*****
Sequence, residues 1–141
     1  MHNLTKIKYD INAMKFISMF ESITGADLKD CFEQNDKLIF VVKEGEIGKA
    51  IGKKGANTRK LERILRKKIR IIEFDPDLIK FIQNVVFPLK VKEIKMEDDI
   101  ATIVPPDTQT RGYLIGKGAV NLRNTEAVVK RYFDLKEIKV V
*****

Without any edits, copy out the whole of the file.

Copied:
Sequence, residues 1–141
     1  MHNLTKIKYD INAMKFISMF ESITGADLKD CFEQNDKLIF VVKEGEIGKA
    51  IGKKGANTRK LERILRKKIR IIEFDPDLIK FIQNVVFPLK VKEIKMEDDI
   101  ATIVPPDTQT RGYLIGKGAV NLRNTEAVVK RYFDLKEIKV V